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Bad apples continue to spoil it for female fans

This contribution has been submitted to Webdiary by a student in the Online Journalism unit for the Masters in Media Practice and Masters in Publishing courses at The University of Sydney as part of the unit's assessment. The topics covered in the pieces awaiting publication are interesting – and diverse. We hope that Webdiarists will enjoy reading them, as well as giving these aspiring journalists plenty of constructive commentary.

Bad apples continue to spoil it for female fans
by Amanda Hawke

As anticipation builds to a fever pitch heading into another week of finals football – albeit sans a few notable absences – I can’t help but ask “what’s wrong with this picture?” regarding the rugby league’s treatment of alleged incidents involving players and their interactions with women.

Our rugby league, the country’s – or more aptly, the east coast’s guiding light through many a cold winter weekend, has been blowing a lot of hot air for a number of years about how keen it is to attract female supporters.

Go to any Friday or Saturday night feature match and it’s the only place in Sydney where you won’t have to line up to go to the bathroom.

It’s not difficult to see why, given the incidents that have played out in the media in the past two months.

One of the finals series absentees mentioned previously, Cronulla five-eighth Greg Bird treated the tabloids to a field day on August 25 when he was charged with inflicting grievous bodily harm to American girlfriend Katie Milligan.

The State of Origin man of the match, whose antics have inspired the creation of Facebook groups such as Greg Bird is a Wanker!!! and Lock up Greg Bird, was stood down indefinitely from the club and although he has been struck out of a possible premiership decider, his return is slated for next season.

A potent cocktail of drugs, alcohol and testosterone has been pinpointed as a fuelling factor in yet another alleged toilet incident – not Sonny Bill Williams this time, but Brisbane trio Karmichael Hunt, Darius Boyd and Sam Thaiday, who have been accused of gang raping a woman in the male toilet of a Brisbane nightclub on September 13.

While investigations continue into both aforementioned incidents, the Canterbury Bulldogs may have timely advice for the Sharks and Broncos, having weathered their own sex scandal storm back in 2004.

Six players from the team were alleged to have been involved in a gang rape at Coffs Harbour, but the charges were later dropped and the club penalised $150,000 for bringing the game into disrepute.

The incident sparked the creation of grassroots movement Football Fans Against Sexual Assault [http://www.smh.com.au/news/Sport/Fans-filthy-at-dirt-besmirching-their-game/2005/02/25/1109180117024.html] and drew attention to a culture of using group sex as a “team bonding” practice [http://jss.sagepub.com/cgi/content/abstract/21/4/392].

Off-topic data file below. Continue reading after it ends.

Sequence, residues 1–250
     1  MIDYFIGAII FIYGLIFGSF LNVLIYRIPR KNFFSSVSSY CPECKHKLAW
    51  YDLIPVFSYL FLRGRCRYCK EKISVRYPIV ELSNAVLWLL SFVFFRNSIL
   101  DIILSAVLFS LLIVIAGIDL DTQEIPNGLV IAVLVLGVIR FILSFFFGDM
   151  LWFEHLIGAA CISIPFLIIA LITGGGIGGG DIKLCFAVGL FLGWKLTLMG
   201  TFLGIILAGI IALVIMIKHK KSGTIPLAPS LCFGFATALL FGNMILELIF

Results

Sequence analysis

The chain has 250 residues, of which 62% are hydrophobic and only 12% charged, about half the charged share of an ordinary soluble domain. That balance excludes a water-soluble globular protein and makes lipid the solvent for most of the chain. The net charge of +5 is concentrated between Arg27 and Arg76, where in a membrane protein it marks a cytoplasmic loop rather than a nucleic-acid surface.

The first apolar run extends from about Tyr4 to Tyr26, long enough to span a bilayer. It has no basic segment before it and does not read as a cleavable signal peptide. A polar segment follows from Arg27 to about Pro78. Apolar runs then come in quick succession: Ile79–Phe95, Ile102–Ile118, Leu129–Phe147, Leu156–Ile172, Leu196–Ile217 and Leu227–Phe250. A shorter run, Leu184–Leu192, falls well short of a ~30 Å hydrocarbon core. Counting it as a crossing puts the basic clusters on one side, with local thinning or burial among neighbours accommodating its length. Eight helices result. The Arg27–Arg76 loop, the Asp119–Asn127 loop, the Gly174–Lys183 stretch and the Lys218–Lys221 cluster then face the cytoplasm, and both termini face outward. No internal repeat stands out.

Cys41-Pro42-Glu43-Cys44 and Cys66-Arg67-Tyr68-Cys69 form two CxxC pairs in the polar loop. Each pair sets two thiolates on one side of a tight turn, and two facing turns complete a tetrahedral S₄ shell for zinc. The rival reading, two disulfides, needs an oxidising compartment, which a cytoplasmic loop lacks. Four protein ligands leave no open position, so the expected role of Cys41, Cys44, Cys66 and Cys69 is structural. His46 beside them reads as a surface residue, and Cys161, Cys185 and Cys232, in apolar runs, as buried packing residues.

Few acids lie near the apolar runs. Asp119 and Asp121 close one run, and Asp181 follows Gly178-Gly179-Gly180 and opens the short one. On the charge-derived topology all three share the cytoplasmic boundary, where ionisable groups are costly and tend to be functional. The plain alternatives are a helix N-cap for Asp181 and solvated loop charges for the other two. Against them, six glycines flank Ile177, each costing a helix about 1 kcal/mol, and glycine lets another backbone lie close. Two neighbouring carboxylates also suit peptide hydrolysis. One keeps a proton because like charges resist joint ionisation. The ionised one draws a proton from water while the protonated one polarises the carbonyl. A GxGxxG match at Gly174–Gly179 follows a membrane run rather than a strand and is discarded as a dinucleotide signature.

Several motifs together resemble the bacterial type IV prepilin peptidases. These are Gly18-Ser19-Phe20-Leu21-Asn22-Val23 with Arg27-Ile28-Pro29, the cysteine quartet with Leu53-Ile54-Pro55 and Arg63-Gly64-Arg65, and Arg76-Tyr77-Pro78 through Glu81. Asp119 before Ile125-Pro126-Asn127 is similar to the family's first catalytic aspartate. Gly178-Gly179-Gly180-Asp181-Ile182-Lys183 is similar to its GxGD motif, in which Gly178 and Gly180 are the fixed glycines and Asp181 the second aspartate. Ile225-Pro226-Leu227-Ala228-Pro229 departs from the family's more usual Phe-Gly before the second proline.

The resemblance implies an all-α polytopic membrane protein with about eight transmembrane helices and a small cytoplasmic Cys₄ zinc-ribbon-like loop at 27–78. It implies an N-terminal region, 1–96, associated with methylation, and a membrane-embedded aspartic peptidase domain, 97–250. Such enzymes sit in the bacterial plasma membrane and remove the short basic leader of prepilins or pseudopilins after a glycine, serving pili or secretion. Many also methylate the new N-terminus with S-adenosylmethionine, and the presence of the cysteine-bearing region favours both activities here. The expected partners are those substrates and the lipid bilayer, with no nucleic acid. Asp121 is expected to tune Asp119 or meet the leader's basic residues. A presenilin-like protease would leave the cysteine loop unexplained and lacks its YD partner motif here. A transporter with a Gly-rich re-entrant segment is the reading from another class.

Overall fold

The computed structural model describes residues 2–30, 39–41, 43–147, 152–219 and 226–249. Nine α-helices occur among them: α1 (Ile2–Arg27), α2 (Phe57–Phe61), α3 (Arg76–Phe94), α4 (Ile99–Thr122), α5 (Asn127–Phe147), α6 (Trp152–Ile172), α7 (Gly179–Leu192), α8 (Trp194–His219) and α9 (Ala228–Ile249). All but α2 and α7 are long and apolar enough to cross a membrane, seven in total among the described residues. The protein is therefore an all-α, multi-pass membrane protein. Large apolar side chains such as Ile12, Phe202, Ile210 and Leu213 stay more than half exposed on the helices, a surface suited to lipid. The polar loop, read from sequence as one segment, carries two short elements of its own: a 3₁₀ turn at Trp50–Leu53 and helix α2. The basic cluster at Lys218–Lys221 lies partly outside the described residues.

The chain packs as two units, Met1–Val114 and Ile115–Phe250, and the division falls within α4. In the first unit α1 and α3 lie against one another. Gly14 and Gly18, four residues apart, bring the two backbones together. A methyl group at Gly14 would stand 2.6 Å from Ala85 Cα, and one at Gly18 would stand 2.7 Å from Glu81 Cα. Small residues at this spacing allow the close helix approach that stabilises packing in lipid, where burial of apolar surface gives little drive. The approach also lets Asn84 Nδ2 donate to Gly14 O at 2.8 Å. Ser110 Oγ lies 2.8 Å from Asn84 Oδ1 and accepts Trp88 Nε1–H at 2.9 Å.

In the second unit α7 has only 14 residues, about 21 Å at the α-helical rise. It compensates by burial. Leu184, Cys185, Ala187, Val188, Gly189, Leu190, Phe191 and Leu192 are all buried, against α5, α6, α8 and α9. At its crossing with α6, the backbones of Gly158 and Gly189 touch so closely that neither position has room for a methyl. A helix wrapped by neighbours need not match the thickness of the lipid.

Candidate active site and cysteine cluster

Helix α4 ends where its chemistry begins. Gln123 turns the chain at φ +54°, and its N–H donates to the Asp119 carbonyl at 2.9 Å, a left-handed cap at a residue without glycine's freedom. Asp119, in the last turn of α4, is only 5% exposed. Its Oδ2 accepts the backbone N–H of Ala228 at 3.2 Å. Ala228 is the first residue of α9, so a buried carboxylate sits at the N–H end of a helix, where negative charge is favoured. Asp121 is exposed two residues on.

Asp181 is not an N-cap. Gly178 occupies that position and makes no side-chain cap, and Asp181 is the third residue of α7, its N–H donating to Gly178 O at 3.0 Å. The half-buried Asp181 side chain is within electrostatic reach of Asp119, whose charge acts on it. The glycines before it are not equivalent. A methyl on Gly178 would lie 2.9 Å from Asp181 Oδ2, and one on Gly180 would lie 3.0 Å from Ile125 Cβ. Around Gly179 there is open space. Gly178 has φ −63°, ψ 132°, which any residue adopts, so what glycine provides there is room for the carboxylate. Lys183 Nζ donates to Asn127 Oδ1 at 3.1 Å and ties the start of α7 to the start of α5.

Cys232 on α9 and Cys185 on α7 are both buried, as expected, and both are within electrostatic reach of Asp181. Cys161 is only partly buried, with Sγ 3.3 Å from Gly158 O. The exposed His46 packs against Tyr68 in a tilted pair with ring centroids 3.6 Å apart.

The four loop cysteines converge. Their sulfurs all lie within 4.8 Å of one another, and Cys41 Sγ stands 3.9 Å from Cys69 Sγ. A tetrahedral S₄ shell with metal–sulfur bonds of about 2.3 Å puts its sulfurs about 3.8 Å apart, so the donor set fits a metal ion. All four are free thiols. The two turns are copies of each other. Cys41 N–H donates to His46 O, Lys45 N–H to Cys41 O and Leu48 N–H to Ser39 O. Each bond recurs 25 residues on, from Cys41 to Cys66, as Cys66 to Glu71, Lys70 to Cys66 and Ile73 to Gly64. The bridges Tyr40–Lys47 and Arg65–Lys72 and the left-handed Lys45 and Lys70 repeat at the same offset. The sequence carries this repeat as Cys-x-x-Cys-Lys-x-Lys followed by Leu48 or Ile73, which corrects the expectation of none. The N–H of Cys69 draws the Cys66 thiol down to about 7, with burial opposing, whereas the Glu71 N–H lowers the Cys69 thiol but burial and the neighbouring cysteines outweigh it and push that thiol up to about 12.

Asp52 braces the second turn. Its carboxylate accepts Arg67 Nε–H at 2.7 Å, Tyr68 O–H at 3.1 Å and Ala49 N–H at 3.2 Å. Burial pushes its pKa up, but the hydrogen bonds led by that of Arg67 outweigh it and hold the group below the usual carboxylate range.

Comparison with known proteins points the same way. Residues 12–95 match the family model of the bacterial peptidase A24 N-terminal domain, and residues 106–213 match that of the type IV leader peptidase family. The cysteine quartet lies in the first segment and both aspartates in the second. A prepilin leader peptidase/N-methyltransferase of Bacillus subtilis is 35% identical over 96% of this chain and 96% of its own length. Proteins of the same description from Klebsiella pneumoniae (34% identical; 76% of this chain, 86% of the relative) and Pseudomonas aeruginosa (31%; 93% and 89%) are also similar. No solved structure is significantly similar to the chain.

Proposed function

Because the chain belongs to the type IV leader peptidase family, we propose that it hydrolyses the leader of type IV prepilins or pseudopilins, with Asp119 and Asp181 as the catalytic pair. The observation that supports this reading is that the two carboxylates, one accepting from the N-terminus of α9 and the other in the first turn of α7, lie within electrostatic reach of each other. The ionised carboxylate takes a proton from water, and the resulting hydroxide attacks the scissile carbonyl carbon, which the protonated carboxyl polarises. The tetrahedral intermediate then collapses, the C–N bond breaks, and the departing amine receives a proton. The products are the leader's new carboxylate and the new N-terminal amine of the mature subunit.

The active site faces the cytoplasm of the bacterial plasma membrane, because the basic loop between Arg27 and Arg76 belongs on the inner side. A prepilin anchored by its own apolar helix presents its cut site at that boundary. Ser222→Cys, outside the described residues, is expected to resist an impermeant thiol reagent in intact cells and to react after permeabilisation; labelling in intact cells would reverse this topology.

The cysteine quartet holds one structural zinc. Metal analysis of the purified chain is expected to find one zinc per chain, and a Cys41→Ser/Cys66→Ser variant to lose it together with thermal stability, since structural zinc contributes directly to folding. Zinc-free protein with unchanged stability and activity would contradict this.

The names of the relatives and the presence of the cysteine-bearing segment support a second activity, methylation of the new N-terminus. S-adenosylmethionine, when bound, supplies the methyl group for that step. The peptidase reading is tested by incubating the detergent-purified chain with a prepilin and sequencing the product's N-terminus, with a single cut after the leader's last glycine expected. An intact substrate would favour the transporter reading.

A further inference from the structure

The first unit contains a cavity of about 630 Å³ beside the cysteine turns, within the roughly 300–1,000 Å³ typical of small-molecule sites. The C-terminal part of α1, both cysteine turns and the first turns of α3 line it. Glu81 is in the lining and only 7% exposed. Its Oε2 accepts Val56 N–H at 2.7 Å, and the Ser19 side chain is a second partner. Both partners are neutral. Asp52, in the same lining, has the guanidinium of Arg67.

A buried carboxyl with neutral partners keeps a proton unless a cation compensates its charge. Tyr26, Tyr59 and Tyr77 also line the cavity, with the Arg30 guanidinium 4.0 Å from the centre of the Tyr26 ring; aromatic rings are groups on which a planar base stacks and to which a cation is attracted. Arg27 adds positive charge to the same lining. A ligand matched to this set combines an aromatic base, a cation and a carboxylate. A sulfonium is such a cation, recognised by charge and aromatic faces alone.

“We’ve made every effort to move on from 2004,” The Bulldog’s Media Manager Frank Barrett said.

“It’s in the past and as far as the Bulldogs go we need to stress that everyone was cleared.

“The issue here has been cleaning up the image of the club.

“The Bulldogs have always had an established base of female supporters, but like the whole league one of our foremost objectives is to further encourage women’s participation.

“We’ve had the players get involved in breast cancer awareness activities [http://www.beyondblue.org.au/index.aspx?link_id=59.683] and held functions to get women involved.”

While the code is experiencing a decline in their female audience, unprecedented numbers of women are getting involved – and right into the on-field action.

Yvette Downey of the NSW Women’s Rugby League reports female participation in the sport is at an all-time high: “We’ve just had our State of Origin series and the Jillaroos are set to participate in the Women’s Rugby League World Cup which kicks off in early November,” she said.

“The World Cup will be great for the sport, there’s eight teams headed for Queensland to participate and it will be huge.

“We’ve had more and more school-age girls get involved and with the Cup happening, we’ll hopefully get more on board.”

There’s no doubt that being the subject of advances from hoards of attractive women is enough to make a young player believe his own hype, and it might be an ambitious ask to transform one of the country’s last bastions of unbridled masculinity.

But if the code is serious about bringing a female audience to the game, it will need to ask itself whether it’s a few bad apples in the bunch, or if it’s the sport’s culture that needs to be turfed.


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One word

Nice piece, Amanda. Nevertheless, I have one word of advice for you: Lysistrata.

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